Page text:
If you’ve been paying attention lately, it’s hard to believe that little old New York once ruled the world of sports. This town wasn’t always occupied by ragtag teams.
The Jets … yes, the sadsack Jets…the Knicks … really, the awful Knicks … and the woebegone Mets all delivered championships over a 17-month stretch making 1969-70 one for the memory banks.
The Jets were led by Broadway Joe Namath, the man-about-town quarterback. The Knicks had Walt Frazier, whose wardrobe reminded folks of the gangster Clyde Barrow.
And then there was the Mets, who constructed their championship around Tom Seaver, a squeaky clean All-American boy, no starlets on each arm, no gaudy jewelry hanging around his neck. Seaver was such a straight arrow that his teammates called him “Boy Scout.’’
The rest of the world called him “The Franchise,’’ because that’s really who he was. The Mets were laughingstocks until he came along and he turned them into a relevant baseball team. He was Tom Terrific, a three-time Cy Young winner who brought professionalism to his team.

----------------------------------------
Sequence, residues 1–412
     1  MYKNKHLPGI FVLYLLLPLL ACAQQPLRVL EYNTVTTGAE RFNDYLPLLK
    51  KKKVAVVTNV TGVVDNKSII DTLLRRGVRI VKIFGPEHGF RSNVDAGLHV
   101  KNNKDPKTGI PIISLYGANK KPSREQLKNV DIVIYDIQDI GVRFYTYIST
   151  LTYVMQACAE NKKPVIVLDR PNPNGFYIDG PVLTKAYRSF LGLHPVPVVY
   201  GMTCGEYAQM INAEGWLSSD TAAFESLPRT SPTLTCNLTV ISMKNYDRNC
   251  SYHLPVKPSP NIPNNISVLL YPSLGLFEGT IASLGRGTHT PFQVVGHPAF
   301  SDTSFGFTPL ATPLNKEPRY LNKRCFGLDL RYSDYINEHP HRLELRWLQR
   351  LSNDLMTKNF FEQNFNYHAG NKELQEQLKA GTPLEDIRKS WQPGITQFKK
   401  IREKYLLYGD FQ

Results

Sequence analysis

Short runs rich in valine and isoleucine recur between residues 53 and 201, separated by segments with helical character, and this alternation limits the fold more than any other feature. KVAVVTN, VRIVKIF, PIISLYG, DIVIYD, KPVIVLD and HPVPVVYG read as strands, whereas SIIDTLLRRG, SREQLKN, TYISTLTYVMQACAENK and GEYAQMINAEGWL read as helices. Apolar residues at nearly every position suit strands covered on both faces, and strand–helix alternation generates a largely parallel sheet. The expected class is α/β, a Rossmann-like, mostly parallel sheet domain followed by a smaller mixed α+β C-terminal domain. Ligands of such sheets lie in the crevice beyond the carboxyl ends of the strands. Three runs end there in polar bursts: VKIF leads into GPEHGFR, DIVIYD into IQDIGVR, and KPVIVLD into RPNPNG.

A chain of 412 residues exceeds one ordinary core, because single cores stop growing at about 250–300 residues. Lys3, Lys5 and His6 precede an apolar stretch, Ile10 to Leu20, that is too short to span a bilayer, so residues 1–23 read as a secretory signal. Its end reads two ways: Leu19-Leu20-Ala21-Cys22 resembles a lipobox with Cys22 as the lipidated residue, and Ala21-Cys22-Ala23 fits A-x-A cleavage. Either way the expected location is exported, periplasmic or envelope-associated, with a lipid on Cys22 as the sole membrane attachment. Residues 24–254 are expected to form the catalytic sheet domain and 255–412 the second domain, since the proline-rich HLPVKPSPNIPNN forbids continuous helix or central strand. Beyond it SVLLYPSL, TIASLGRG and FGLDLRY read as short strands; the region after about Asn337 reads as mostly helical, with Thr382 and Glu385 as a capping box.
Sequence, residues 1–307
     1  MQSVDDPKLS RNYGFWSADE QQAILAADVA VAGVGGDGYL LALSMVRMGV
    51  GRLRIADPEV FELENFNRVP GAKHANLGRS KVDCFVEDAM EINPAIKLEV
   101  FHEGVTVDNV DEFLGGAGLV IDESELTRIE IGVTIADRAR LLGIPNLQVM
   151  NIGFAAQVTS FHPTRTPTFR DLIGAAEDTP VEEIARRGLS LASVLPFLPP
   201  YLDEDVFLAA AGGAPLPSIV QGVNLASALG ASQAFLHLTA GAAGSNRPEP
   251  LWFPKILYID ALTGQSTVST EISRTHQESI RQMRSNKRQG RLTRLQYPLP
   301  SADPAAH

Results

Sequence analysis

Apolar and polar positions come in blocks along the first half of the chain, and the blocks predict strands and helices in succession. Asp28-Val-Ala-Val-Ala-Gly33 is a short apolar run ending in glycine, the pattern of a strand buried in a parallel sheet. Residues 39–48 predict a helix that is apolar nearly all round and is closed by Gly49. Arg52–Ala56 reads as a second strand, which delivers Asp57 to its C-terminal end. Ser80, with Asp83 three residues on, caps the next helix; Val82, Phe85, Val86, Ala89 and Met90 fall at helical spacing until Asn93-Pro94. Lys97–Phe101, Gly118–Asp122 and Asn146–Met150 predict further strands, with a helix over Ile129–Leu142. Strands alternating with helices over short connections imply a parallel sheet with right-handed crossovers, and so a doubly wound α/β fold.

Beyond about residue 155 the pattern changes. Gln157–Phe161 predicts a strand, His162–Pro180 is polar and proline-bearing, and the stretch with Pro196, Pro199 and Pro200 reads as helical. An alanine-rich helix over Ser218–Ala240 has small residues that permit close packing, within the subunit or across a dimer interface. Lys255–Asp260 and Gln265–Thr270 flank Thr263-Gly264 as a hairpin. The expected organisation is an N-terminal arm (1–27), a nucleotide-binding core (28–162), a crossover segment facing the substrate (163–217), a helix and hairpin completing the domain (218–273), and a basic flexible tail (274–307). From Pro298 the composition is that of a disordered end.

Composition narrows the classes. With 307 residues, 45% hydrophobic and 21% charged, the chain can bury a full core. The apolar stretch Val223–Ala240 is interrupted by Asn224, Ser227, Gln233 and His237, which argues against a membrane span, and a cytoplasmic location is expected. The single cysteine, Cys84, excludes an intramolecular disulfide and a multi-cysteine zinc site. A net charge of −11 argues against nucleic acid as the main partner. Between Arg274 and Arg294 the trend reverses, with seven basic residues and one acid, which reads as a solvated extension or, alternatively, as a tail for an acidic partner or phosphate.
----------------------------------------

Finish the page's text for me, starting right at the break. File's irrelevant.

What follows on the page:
We lost the Boy Scout last week and the city has been in tears ever since. Seaver’s passing took a slice of our youth with him. He was a once in a lifetime player, a player who is so dominant, so perfect that he leaves a permanent impression.
He was blessed with a perfect windup, compact and exact. He knew if he was on track, his right knee scraped the dirt on the mound on his follow through. The Mets players, lining up to remember him the other day, made sure they had Seaver-like smudges on their uniform knee. It was a little thing but it spoke volumes.
Seaver made his mark everywhere. He punctuated the Mets dash into relevance in 1969 when he retired 25 straight Chicago Cubs one night before an anonymous character named JImmy Qualls broke up his perfect game. Not a Hall of Famer like Ernie Banks or Billy Williams, but Jimmy Qualls. Seaver was amused at the irony of that.
Another game, he struck out the last 10 San Diego batters in order, a nice exclamation mark for that victory. There were four 20-win seasons with the Mets, 198 victories and 2,541 strikeouts with the Mets.
When he got into an ugly battle with the team’s front office, they dumped him like a piece of used up furniture. The Franchise was not used up. He celebrated his arrival with a no-hitter in his second season with Cincinnati. Years later, pitching for the White Sox, he won his 300th game.
In 20 seasons, he won 311 games, compiled 3,640 strikeouts with a 2.86 earned run average. His election to the Hall of Fame in 1992 came with 98.84 percent of the vote, a record at the time.
The Mets retired his number 41 and named an entrance to Citi Field after him. Now the ballpark’s formal address is 41 Seaver Way and soon there will be a statue to celebrate his memory.
Nobody ever did that for Joe Namath or Walt Frazier.
Photo: Joe McDonald/NYSD